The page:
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About the Project

About the Project

Insect pollination is crucial for crop yield and global food production, but currently threatened by several factors. While agricultural intensification may threaten these pollinators today, different forms of human action in the past may have been important in enhancing them. The ‘Crops, People and Pollinators’ (or ‘Buckbee’) project explores the dynamics of crop-pollinator-human relationships through time. We know a reasonable amount about the history of bee management for wax and honey. We know much less about the relation between the ecology of bees in the past and the spread of those crops that depend upon them. Were the spread and intensification of agriculture since plants were domesticated linked with bee management and rising bee populations?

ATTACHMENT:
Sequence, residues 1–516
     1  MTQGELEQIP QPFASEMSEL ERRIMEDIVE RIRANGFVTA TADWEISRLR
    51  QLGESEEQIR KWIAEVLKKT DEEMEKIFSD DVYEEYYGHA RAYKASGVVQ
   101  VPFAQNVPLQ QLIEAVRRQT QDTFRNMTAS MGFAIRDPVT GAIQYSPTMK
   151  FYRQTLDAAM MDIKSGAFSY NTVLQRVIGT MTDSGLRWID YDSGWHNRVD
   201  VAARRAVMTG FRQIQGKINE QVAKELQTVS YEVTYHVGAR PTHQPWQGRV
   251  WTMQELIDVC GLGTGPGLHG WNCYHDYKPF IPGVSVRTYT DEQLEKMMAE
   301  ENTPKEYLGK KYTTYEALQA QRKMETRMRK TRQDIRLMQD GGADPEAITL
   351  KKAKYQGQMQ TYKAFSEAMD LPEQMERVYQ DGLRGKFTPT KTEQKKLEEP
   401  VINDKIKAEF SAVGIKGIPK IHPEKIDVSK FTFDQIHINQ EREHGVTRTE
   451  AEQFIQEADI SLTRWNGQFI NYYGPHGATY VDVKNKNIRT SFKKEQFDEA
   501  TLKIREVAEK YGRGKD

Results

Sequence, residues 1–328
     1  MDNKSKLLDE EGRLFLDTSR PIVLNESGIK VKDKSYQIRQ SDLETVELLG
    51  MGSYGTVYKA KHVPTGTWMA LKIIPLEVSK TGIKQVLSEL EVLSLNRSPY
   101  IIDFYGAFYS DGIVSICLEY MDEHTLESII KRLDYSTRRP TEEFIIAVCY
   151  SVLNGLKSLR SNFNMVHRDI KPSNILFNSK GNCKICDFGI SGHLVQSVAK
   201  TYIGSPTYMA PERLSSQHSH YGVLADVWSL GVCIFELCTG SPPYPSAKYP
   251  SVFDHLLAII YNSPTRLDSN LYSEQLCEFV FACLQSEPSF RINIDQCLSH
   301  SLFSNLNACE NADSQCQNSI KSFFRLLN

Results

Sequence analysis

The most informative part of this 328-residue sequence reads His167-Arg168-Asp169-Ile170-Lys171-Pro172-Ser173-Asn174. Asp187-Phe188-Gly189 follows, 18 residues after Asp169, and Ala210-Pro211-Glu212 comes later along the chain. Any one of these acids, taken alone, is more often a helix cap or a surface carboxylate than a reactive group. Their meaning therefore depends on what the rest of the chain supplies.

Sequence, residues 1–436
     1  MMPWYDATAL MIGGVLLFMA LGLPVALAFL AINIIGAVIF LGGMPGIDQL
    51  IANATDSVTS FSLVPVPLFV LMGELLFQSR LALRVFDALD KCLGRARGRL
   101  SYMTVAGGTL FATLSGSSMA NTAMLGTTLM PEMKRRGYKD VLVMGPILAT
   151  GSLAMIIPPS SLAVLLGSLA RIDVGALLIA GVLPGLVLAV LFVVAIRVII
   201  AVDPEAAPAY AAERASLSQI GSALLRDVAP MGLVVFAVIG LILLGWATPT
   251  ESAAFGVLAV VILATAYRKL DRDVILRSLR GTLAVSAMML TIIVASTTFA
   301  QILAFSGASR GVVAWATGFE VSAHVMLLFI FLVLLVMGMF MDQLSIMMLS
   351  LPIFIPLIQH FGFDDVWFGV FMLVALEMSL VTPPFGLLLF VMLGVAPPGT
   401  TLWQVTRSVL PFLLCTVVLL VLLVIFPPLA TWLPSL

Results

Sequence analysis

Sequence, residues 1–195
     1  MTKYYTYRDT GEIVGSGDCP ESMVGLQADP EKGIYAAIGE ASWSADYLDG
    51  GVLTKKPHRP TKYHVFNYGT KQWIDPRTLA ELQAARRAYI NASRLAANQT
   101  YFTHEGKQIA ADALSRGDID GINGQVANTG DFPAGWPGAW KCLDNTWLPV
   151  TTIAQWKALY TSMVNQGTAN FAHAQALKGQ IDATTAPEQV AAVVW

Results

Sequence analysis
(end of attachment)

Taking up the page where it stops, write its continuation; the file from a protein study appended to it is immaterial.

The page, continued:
Research on the origins and spread of crop plants has focused on those self- or wind-pollinated crops, principally the cereals, that were domesticated earliest and dominate the world’s global economy today. Previous work in the FOGLIP project focused on the spread of these major cereals. Buckwheat is among several economic plants, including a number of major fruits and vegetables, whose spread and viability has been dependent upon the parallel ecology and biology of pollinator taxa such as bees. That key interaction in the past remains largely unexplored.

Our study system, buckwheat and honeybees, is being analysed by an interdisciplinary approach using archaeobotany, pollen science, ecological modelling, genomics, archaeology and geochemistry. The project aims to infer the past distributions and population size trends of buckwheat and honeybees, relate these to climate, and research human management of honeybees, in China and western Eurasia.

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Bee on flowering buckwheat. Credit: Wikimedia Commons